Saturday, September 20, 2008

Where Wizards Stay Up Late

Where Wizards Stay Up Late - Katie Hafner and Matthew Lyon
I picked this up because while I was reading Protocol I decided I wanted some more background on how the Internet was developed . It is literally a blow by blow account of the building of the Internet, funding, hardware decisions, development of protocols, etc. The authors make the case that the Internet was not developed specifically to withstand a nuclear attack (as has often been said) but rather to be a reliable network for sharing scientific research. This is despite an early 1960s report by the Rand Corporation that focused on the need for a distributed network to keep military command and control intact in the event of such an attack. It is a good read up to a point but the authors go way overboard in the amount of personal detail about the various engineers and programmers - down to what they ate, their quirky behaviors, etc. This would be fine if the story centered on a small group of people that you followed through the book, but the book introduces a couple dozen people so it ends up being a clutter of superficial details. I did like the image of electrical engineers in the 1960s using the symbol for electrical resistance as an anti-war statement though.


decomposition said...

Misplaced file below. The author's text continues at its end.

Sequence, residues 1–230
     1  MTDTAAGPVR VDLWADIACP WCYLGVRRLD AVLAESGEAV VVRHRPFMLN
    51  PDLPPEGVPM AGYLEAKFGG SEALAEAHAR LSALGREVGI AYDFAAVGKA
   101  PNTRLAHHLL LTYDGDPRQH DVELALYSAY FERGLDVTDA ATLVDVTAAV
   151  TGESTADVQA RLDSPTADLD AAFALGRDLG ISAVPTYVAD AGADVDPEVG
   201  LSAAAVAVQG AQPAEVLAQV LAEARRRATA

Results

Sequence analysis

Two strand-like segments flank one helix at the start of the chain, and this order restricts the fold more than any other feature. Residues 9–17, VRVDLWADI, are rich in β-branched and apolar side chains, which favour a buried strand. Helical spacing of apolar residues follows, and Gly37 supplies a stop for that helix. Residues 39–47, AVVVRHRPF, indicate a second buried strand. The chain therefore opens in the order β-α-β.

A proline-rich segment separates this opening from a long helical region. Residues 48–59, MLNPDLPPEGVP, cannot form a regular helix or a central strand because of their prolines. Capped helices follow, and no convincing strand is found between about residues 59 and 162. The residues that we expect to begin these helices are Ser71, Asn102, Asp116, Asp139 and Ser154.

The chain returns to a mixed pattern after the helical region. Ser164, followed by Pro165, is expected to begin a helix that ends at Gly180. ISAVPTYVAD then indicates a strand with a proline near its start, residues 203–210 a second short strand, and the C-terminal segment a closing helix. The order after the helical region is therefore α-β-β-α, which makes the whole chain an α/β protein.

Hi Al, does the book go into the relationship between the scientists/engineers who developed the Internet and the academics/artists/activists at The WELL (the early BBS co-founded by Stewart Brand)? Being in San Francisco in the early '90s was interesting in that there was a lot of interaction among these different communities. It was very utopian ( boom & bust, that is), and I thought it was interesting that the WELL had its roots in the hippie-era Whole Earth Catalog.

p.s. - my mom taught computer skills, so I was encouraged to get online early on...she taught me UNIX to use Lynx and Pine!

AL LARSEN said...

Doesn't really go into that. But this book totally does:

From Counterculture to Cyberculture: Stewart Brand, the Whole Earth Network, and the Rise of Digital Utopianism by Fred Turner.

Is pine like pico? I kind of miss using that stuff.

decomposition said...

Great, thanks for that book info.

Pico was the UNIX text editor used to write messages in Pine (which the email program), so you must have used both!